Sherwood Anderson, Winesburg, Ohio (1919)

John Dos Passos, The 42nd Parallel (1930)

What about you?  What models do you have? 

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Ashes of Ancient Halls Made Into Mounds

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Archaeologists in England have unearthed the burned remains of two massive 6,000-year-old buildings whose ashes were shoveled into piles to make burial mounds.

"The buildings seemed to have been deliberately burned down," says Julian Thomas, a professor at the University of Manchester who’s leading the excavation. Researchers believe these halls of the living may have been transformed into "halls of the dead" after a leader or important social figure died.
The remnants were uncovered in an open field near Dorstone Hill in Herefordshire. For decades, amateur archaeologists have noticed pieces of flint blades in the area and wondered whether the land there contained relics of a long-forgotten time.
 According to LiveScience.com:
When Thomas and his team began excavating, they found two large burial mounds, or barrows, that could have held anywhere from seven to 30 people each.  
The smaller barrow contained a 23-foot-long (7 meters) mortuary chamber with sockets for two huge tree trunks. Digging deeper, the researchers uncovered postholes, ash from the timbers, and charred clay from the walls of an ancient structure.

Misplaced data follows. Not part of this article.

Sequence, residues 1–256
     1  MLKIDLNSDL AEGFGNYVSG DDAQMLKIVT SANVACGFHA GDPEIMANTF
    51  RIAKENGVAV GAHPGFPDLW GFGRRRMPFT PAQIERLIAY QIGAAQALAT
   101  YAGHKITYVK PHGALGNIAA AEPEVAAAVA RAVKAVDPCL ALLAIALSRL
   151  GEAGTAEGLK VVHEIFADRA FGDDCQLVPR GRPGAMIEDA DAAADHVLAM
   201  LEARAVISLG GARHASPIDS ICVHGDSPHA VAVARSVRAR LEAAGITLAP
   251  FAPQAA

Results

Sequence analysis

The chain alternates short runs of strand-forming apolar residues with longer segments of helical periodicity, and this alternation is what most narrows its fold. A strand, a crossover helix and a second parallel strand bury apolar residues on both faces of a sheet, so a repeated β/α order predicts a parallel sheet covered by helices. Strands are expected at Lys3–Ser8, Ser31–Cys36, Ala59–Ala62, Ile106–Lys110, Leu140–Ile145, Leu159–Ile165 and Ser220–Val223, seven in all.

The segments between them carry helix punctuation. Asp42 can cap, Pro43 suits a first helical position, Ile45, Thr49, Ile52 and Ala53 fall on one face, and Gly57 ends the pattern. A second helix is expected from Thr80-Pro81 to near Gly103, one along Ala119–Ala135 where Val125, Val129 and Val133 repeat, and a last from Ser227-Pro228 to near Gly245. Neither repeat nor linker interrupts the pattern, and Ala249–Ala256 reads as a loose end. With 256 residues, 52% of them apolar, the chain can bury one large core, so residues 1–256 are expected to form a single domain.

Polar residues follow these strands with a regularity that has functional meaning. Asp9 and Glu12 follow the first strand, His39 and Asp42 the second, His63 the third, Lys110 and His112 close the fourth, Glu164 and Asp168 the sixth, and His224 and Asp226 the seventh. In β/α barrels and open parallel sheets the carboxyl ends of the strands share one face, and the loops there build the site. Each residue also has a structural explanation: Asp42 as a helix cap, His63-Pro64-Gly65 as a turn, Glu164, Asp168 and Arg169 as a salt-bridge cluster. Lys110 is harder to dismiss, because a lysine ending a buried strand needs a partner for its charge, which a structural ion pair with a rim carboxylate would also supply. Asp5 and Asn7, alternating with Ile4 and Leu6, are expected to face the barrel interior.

These burnt remains came from what were once two long-halls, the biggest of which was up to 230 feet (70 m) long, with aisles delineated by wooden posts and several internal spaces.
It’s not clear who built the halls and barrows, though the building construction is similar to that found in England between 4000 B.C. and 3600 B.C, predating the construction of Stonehenge by a millennium.

Artist's conception of one of the long halls.

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Accessing History: A “Laboratory” at Gettysburg

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Eric Schultz

I was fortunate in early July to attend three days of the 150th commemoration of the Battle of Gettysburg, including a number of events sponsored by the Gettysburg Foundation. It was busy, colorful, sometimes somber but always tropical, a good reminder of what conditions were like in July 1863.  The battlefield itself, nearly 6,000 acres and sometimes called the “symbolic center of American history,” is both inspiring and beautiful. 

The 150th commemoration included a retelling
of the battle and featured first-person accounts.
Events included a spectacular retelling of the battle (focused on first-person accounts), and the grand opening of the Seminary Ridge Museum at which visitors could climb its historic cupola to get a bird’s eye view of the battlefield and town.